How to attract, retain millennials
There are plenty discussions afoot for ways to keep and how to attract those lazy, entitled “millennials” to Wichita. Well, I’m a millennial, but I categorize “us” differently.
I’ve held various jobs in my youth and worked full time through college. Graduation equated to taking the jobs I could get, which took me out of state and abroad, providing greater experience to earn more, sure, but also a greater appreciation of home.
I love Wichita, but I’m bewildered by it. I don’t understand the need to constantly compare ourselves to cities we aren’t and why we can’t maximize our history and strengths as Wichitans to create a memorable place reflecting our best self.
My recommendation? Stop building uninspired developments with few characteristics of the prairie, exacerbating our water resources by utilizing non-native landscapes. With 84 native prairie grasses, when did fescue become our standard?
Let’s go back to basics. Less focus on brick-and-mortar solutions and more emphasis on beautifying the landscape around us. This would not only please the birds and the bees, but I’d bet would help those pesky millennials, whose inclination is to focus more on sustainability and the environment, to appreciate Wichita and stick around to watch it bloom.
Andrew McMillin, Wichita
I do not believe that the higher-education concealed carry law is just a matter of supporting the Second Amendment.
For example, the First Amendment guarantees the right to free speech, but there are laws against yelling “fire” in a crowded theater. Clearly there are reasonable limitations of free speech. Also, there are reasonable limitations to the Second Amendment. In the existing concealed carry statute, there are limitations on age, mental health and felony convictions.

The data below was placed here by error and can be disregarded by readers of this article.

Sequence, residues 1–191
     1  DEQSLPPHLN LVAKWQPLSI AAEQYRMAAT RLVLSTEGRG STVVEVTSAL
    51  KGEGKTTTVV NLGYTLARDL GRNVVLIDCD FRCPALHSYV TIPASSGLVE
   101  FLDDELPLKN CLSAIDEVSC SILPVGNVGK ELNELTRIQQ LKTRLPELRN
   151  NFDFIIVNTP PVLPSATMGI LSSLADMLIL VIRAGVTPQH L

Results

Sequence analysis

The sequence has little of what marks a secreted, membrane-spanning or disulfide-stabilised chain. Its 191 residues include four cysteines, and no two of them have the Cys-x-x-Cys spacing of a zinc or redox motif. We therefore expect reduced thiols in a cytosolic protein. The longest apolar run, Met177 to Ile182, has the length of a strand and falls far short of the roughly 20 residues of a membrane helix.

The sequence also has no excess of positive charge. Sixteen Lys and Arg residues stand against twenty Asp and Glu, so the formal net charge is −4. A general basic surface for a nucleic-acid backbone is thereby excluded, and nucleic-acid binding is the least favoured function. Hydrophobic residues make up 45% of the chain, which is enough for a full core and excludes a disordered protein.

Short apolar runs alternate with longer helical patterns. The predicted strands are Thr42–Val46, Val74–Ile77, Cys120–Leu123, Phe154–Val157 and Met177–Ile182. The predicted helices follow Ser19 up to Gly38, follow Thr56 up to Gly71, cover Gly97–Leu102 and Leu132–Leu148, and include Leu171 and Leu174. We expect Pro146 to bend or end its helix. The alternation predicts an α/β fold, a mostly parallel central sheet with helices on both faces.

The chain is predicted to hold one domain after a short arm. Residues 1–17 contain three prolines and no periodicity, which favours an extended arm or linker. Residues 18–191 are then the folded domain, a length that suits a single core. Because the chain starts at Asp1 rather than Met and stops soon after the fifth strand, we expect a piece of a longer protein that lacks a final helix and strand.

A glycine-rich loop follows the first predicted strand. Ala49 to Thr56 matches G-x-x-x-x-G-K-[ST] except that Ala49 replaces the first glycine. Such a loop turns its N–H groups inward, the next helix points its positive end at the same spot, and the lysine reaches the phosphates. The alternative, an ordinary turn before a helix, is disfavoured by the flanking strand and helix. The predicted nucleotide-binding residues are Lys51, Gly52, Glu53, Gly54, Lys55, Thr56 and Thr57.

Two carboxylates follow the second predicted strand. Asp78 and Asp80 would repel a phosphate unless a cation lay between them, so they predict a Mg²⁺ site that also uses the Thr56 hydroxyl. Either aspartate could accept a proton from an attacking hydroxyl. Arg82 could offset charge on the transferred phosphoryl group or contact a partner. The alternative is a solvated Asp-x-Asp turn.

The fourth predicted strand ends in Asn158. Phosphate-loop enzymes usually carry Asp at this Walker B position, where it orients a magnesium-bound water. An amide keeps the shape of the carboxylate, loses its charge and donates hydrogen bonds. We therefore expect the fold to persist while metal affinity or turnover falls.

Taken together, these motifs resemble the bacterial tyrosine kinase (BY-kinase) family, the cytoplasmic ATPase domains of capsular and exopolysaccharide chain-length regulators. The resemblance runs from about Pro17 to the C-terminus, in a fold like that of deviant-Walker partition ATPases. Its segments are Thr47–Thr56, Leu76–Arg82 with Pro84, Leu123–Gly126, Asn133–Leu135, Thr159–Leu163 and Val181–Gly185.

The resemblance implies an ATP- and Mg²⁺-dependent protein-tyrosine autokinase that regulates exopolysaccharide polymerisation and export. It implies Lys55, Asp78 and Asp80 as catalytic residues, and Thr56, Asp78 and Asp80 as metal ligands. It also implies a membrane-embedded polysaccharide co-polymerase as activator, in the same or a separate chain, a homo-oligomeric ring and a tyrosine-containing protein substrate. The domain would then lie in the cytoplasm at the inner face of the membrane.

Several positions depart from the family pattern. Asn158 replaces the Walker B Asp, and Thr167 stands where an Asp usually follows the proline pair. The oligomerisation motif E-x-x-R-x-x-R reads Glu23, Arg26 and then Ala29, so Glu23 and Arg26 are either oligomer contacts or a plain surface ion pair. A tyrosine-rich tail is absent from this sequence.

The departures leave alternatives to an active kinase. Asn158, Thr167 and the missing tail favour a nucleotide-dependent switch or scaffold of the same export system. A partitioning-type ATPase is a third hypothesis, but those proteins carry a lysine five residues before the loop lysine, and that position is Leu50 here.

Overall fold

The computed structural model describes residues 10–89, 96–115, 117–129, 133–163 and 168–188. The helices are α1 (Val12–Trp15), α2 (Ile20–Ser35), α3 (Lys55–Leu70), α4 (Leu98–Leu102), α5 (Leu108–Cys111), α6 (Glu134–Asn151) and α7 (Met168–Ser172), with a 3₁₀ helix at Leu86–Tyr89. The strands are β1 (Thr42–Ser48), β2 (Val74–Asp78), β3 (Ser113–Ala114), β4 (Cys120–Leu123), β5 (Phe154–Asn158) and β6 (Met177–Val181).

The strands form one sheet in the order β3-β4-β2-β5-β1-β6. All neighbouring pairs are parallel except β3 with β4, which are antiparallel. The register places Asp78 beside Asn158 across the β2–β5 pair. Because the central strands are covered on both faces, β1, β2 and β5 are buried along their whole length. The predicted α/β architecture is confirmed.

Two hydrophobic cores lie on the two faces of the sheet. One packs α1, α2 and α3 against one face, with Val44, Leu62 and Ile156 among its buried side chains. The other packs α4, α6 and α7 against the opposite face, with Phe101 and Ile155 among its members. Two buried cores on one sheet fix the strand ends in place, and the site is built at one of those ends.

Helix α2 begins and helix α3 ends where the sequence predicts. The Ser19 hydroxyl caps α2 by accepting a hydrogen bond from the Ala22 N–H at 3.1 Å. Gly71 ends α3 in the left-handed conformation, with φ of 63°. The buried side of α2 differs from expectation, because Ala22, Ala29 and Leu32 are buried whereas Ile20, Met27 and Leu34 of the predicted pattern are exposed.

Imagine that you are teaching a college class and one of your students keeps flunking tests and papers. The student complains in class. The student comes by your office and complains. The student claims his poor grade is your fault because your tests and homework are unreasonable and the grading is biased. The student is hostile and combative, in general.
Do you want that student to have a gun in your classroom?
Another factor to consider is alcohol use among college students. According to the National Institute of Alcohol Abuse and Alcoholism, about 40 percent of college students between 18 and 22 have engaged in binge alcohol drinking within the last month. Do you want those students to have guns in their dorm rooms?
Having guns on campus will make campuses less safe, not safer.
Charles Merrifield, Wichita
Sen. Steve Fitzgerald, R-Leavenworth, went low recently when a supporter made a contribution in his name to Planned Parenthood (March 14 Eagle).
“This is as bad – or worse – as having one’s name associated with Dachau,” he said in a letter to the group. “Shame on your organization and shame on anyone that would attempt to blacken my name in this manner.”
Shame on Fitzgerald for invoking the Nazis and the atrocities of the Holocaust. No one should ever use Dachau or the Holocaust as an analogy.
Planned Parenthood and other health centers provide critical reproductive health care for women. The women who come to Trust Women South Wind Women’s Center clinics in Wichita and Oklahoma City for abortion care are simply trying to make the best decisions for themselves and their families.
Faced with an unplanned pregnancy, fetal anomaly or maternal health indication, our patients must make difficult, very personal decisions whether to terminate a pregnancy. If face to face with them, would Fitzgerald compare these patients to Adolf Hitler or Joseph Goebbels? Would he utter those names to our doctors, nurses, counselors and patient care coordinators who risk their lives to ensure that women have access to reproductive health care?
I encourage Fitzgerald to apologize for his thoughtless, hurtful words that devalue women.
Julie A. Burkhart, Wichita
Trust Women South Wind Women’s Center
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